In The Devil Wears Prada, Miranda Priestly, the fabulous antagonist, rants about style and trends and color in relation to what ‘we’ simple shoppers experience while scanning department store displays. She is not exactly trying to teach her new assistant about the hierarchy of fashion, but in a backhanded way reveals how trends trickle down from the walkway to our sale racks. I never shop without hearing her tirade in my mind!
“This stuff’? Oh. Okay. I see. You think this has nothing to do with you. You go to your closet and you select… I don’t know… that lumpy blue sweater, for instance because you’re trying to tell the world that you take yourself too seriously to care about what you put on your back. But what you don’t know is that that sweater is not just blue, it’s not turquoise. It’s not lapis. It’s actually cerulean. And you’re also blithely unaware of the fact that in 2002, Oscar de la Renta did a collection of cerulean gowns. And then I think it was Yves Saint Laurent… wasn’t it who showed cerulean military jackets? I think we need a jacket here. And then cerulean quickly showed up in the collections of eight different designers. And then it, uh, filtered down through the department stores and then trickled on down into some tragic Casual Corner where you, no doubt, fished it out of some clearance bin. However, that blue represents millions of dollars and countless jobs and it’s sort of comical how you think that you’ve made a choice that exempts you from the fashion industry when, in fact, you’re wearing the sweater that was selected for you by the people in this room from a pile of stuff.”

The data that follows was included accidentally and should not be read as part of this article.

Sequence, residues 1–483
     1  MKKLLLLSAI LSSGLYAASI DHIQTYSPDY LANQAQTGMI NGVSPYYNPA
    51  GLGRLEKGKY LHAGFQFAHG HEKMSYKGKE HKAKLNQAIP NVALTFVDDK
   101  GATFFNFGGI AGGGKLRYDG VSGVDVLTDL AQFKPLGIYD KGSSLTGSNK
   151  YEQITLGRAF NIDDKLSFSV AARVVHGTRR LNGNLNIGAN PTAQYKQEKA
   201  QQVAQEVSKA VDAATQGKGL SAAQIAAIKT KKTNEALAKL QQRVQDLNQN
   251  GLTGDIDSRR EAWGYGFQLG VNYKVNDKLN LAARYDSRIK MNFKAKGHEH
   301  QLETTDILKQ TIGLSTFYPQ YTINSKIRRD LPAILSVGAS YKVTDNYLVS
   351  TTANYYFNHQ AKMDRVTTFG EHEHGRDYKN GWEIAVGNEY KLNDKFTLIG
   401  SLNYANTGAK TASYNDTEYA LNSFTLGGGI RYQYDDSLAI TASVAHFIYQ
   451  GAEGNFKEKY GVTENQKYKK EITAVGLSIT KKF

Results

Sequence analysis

Besides the brilliance of Meryl Streep’s delivery and the careful crafting of Aline Brosh McKenna’s screenplay we are left stunned by the machine of the fashion industry, and from runways to sale bins, you realize how superb but limiting trends are on our shopping. We are dictated to–except–and here is where I am most excited–except if you shop outside of the box.